Pick-it or Flick-it: Get Out, The Horror Genre Gets A New Classic

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Get Out movie poster - Blumhouse Productions

THE PICKET — A horror movie from Jordan Peele. Go ahead and read that again, but you saw it right. Peele, from the comedic duo Key and Peele, made a horror film as part of his directorial debut. You know what’s even more shocking? It’s fantastic!

Get Out follows the story of Chris Washington, a young black man who visits his girlfriend’s family estate. But there’s one catch, her parents don’t know he’s black. As the weekend passes, Chris learns that several of the community’s black residents have gone missing over the years

What makes Get Out so fantastic isn’t just how great a horror film it is, but how well it tackles racism. We’ve all seen films that talk about overt racism through its undertones. Peele takes a different approach by tackling more passive racism head-on throughout the film’s 103-minute runtime.

Peele pokes fun at how some liberal Americans nervously try to show they aren’t racist whenever they sit down to talk to an African American. Throughout the film, people randomly throw phrases like “I would’ve voted for Obama a third term,” at Chris as they introduce themselves. The father character of the film ends almost every awkward encounter by calling Chris either “man” or “brother.”

As the film progresses, it slowly becomes more of a thriller than dark comedy. Peele clearly drew inspiration from Alfred Hitchcock with his choice is musical cues, uncomfortable camera angles, and close-up shots of characters.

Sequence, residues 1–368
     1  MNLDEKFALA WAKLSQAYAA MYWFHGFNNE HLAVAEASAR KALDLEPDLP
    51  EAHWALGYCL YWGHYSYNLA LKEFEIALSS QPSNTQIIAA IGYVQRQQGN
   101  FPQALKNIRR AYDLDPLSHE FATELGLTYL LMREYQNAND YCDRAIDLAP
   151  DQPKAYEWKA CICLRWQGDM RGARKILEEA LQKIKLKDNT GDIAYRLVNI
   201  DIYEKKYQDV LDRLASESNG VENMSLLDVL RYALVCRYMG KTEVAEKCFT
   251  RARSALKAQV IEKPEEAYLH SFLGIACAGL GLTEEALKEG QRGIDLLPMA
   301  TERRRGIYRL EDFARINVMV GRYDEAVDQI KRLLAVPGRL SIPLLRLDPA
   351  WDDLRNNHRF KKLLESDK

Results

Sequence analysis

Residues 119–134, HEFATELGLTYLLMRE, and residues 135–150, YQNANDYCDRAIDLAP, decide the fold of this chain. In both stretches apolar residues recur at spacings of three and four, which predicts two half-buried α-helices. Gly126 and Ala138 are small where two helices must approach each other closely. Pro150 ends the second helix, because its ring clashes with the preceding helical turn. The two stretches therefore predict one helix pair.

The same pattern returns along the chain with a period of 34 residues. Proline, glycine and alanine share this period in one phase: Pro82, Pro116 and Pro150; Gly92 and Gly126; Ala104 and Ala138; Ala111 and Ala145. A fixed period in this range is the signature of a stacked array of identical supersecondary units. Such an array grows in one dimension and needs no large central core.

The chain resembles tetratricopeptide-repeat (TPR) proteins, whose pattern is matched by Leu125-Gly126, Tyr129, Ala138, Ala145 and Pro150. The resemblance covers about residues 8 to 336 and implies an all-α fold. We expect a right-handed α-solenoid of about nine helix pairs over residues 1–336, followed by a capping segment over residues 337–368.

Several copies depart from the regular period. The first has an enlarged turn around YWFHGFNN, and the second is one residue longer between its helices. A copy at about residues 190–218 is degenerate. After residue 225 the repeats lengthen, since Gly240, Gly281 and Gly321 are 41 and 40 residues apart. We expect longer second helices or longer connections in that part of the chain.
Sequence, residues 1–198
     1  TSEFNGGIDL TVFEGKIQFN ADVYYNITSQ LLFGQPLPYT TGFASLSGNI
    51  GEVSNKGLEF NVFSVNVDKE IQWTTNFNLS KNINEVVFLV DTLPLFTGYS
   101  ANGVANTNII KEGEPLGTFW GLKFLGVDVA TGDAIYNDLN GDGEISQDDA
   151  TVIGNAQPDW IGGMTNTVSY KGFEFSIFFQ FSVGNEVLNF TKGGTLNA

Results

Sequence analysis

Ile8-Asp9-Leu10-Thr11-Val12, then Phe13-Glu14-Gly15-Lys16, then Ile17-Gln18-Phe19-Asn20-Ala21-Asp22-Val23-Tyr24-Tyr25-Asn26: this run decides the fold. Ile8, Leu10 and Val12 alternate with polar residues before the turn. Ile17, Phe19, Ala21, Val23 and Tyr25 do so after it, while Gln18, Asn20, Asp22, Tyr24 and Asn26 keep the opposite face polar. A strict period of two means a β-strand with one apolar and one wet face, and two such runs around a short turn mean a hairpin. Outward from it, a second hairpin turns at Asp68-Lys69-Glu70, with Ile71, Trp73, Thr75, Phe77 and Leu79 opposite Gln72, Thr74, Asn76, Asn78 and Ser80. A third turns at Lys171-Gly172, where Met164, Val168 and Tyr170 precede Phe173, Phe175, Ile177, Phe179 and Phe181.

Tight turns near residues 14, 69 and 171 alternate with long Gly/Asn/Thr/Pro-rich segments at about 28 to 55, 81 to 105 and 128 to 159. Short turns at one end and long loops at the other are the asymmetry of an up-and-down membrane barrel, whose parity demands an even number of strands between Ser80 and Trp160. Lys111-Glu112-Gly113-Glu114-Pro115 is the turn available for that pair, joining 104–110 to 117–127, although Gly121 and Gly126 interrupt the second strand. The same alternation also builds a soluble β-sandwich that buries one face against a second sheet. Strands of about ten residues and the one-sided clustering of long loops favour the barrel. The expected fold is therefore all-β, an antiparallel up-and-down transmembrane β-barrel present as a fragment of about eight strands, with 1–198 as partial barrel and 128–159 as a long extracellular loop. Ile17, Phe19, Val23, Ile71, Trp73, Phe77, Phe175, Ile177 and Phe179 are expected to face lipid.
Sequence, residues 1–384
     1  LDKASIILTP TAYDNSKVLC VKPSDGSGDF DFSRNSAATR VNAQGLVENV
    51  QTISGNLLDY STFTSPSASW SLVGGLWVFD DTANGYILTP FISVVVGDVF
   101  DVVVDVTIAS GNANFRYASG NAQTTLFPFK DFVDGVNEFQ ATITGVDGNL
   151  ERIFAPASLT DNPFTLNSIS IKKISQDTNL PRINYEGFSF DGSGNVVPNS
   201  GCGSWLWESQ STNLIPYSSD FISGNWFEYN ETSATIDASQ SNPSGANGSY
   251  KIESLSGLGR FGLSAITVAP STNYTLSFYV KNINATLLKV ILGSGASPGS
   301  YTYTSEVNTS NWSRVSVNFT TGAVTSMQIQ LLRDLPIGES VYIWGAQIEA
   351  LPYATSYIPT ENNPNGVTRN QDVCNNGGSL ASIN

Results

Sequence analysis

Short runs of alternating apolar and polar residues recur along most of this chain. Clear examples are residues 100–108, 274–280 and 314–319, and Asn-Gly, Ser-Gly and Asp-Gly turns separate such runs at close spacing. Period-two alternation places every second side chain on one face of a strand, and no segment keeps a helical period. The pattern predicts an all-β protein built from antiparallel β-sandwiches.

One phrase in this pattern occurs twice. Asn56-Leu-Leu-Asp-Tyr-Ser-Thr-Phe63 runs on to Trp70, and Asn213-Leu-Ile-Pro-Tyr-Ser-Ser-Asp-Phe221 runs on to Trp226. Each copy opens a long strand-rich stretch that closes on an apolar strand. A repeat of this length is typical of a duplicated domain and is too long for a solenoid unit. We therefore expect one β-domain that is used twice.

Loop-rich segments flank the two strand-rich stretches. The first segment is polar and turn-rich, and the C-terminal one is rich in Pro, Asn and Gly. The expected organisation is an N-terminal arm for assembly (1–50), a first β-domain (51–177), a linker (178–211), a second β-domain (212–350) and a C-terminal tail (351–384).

Peele managed to (for the most part) avoid the many clichés that plague the horror and thriller genres throughout his film. Luckily for audiences everywhere, there’s no overuse of cheap jump scares or annoyingly incompetent characters. Also, the film’s twist toward the end is so unexpected that it’s comical (in a good way).

I loved Get Out in a way that I haven’t loved a horror movie in a long time. It’s a fantastic addition to the genre and it makes me proud to be a horror movie buff. The scares were genuine, the jokes landed perfectly, and the social commentary hit so hard that it pushed some people to even leave the theater during my viewing of the film. I would recommend this movie to everyone I know and I’ll definitely be buying a Blu-ray copy for myself later this year. Get Out is definitely a pick-it!

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Edward Smith is a reporter for the Picket and can be contacted at esmith08@rams.shepherd.edu